Filmmakers will extract what they want from you. They will not give you a holiday. You have to take it. I started saying no to work last year so that I could take a month off this year. If I’d told them I can’t give you dates this month, they wouldn’t have agreed. We actors get caught in the trap of being responsible for the unit, the director, the producer, etc. I want to come out of this trap and do what I want to do. It’s high time.

Most of your acclaimed movies haven’t had a conventional hero. Have the risks you’ve taken ever worried you?
No. That’s because I have faith in my films and myself. To start with, I have a vision of how it’s going to turn out. As for risks, the greater they are, the better the profits. It’s worked for me so far so I don’t know why I should make a change.

See, I’m Tabu because of the different stuff I have done. The risks keep me going. I find it boring and uninspiring to work otherwise. What’s the fun of doing what everyone is doing? Heroes haven’t been the criterion for doing a movie. I haven’t joined the industry to work with XYZ. I’m here to act.

Honestly, haven’t you ever dreamt of becoming as successful as, say, Sridevi or Madhuri Dixit?
I never thought I’d come this far, forget becoming Sridevi or Madhuri Dixit. From wanting to graduate, marry at 18, and settle down, I have grown into a national figure, an internationally known actress. I’ve been able to buy myself a house in a plush society in Mumbai, have cars and travel anywhere in the world. For me that’s enough. Besides, I don’t want to limit my abilities by wanting to become someone else; I could become greater than them.

You’ve often been accused of being temperamental and hotheaded—is that a fair accusation?
I know I have a reputation for being eccentric and erratic but I really don’t know where that comes from. Anyway, it makes me feel special. In fact, my mentor Boney Kapoor is the one who’s always joking about my being erratic and eccentric. But he can hardly level charges against me considering the way I was eased out of his latest movie, No Entry. Let me make it clear that I didn’t walk out of his film and I certainly wasn’t the confused one. But next time Boney Kapoor offers me a film, I’ll start doing a cartwheel out of confusion.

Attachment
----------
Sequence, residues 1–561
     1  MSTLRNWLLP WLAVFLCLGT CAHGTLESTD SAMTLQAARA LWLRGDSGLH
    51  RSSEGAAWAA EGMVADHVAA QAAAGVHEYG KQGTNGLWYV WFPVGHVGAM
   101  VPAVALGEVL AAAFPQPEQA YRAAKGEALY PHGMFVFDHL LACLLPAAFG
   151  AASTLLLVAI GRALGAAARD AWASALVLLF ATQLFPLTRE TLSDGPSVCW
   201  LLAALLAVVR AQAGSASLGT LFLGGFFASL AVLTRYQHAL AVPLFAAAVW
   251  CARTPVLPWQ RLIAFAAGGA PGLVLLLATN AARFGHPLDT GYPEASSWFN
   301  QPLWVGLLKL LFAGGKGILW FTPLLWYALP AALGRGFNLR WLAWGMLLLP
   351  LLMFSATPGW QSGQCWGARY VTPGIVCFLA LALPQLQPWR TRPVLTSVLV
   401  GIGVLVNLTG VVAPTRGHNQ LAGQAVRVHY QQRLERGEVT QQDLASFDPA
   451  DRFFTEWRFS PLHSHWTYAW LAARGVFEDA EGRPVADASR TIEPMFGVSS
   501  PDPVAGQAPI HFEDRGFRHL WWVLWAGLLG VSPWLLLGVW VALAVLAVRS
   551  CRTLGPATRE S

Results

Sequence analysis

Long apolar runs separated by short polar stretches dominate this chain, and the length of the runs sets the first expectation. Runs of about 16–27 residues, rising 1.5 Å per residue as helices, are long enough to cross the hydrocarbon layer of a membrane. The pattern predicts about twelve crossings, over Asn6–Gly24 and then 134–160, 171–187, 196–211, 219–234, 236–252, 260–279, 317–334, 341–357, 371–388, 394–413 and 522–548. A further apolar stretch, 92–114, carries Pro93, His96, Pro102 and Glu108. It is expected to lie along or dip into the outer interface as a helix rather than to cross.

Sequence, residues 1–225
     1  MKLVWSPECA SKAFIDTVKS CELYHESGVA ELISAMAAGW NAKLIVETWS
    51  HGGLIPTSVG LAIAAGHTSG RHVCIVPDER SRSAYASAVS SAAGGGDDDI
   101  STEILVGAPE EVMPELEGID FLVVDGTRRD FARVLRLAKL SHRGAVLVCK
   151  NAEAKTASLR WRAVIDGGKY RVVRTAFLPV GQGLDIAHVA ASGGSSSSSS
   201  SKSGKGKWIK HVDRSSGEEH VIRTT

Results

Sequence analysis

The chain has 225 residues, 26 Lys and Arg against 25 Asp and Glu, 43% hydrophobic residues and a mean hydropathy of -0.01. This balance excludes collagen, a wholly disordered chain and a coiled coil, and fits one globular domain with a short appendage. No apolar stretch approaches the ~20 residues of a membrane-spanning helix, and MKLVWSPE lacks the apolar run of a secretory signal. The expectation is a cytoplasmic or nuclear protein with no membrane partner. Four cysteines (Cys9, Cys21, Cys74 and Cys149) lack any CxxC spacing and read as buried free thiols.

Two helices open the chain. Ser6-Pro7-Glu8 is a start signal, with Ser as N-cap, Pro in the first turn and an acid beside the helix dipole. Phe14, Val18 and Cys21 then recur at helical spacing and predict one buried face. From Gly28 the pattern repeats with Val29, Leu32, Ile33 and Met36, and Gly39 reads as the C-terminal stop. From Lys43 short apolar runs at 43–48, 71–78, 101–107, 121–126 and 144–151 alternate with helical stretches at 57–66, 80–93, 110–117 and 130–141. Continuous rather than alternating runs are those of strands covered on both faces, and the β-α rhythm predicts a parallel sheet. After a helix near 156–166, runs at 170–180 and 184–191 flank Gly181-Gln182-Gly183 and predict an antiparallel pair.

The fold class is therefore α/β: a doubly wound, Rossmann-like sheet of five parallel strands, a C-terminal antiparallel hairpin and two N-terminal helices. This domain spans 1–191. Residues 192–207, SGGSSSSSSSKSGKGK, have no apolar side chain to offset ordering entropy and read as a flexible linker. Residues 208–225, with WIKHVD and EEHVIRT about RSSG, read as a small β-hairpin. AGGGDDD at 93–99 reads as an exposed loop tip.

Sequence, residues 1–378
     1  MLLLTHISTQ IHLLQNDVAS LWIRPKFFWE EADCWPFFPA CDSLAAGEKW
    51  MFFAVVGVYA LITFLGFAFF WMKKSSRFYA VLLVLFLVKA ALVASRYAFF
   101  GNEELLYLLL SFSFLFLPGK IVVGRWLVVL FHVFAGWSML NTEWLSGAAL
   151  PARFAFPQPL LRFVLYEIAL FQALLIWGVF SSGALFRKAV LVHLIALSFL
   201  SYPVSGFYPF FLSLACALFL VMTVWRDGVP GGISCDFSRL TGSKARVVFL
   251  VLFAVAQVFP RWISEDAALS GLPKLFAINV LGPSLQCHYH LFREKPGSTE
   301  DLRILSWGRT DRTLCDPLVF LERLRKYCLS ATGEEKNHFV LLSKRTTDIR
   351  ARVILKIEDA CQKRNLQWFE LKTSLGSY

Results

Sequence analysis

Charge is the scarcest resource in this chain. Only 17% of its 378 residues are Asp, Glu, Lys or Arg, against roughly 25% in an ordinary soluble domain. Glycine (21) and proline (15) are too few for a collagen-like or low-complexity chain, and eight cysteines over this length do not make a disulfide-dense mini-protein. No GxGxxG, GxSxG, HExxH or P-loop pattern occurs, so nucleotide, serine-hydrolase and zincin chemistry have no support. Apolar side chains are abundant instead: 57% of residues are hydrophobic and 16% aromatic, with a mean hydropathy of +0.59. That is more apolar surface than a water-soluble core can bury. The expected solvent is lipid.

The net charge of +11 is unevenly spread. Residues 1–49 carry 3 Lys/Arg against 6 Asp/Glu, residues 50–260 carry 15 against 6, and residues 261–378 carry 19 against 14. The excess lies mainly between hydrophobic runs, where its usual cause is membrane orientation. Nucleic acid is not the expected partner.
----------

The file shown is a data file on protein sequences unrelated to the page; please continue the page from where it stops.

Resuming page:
Does it hurt when people misunderstand you?
Frankly, it doesn’t make a difference. People are just voicing an opinion. There are people whom I find to be complete assholes. The only difference is that I don’t talk about them. People will always have an opinion about you that is convenient for them. If it suits them to say you are so adjusting, they will say so. If they want you to do them a favor, they will sing your praises. But if they don’t have any work with you, after you’ve completed their movie and dubbing and they don’t want to pay you, they will spread stories about you. Now I know exactly who means what. So it doesn’t make a difference.

I know I’ve bent backwards to accommodate producers, done films without getting paid, been dropped from movies without being told. And still I get called temperamental. All because I’ve kept my mouth shut. So those who speak, their version becomes the truth. People will always have an opinion. I can’t stop living my life because of that.

Who are these people anyway? Are they feeding me? Why should I heed what they say?
We are in a profession where we are either deified or crucified. I’ll go mad if I start getting carried away by either. You know it’s so easy to see the external picture and pass judgment. Oh, she’s eccentric, she’s mad, she’s a nymphomaniac, she’s an alcoholic, she’s temperamental, she’s a bitch, she’s arrogant. These are just words. Do you know what the other person is going through for you to make those remarks? Chalo, I’m happy I’m entertaining people. If it makes them happy they can call me anything. Who cares?

Last question, how does it feel to be called an intelligent man’s sex symbol?
(laughs) Strange. Frankly, I still haven’t figured out what it means.

Source: Filmfare

Share this: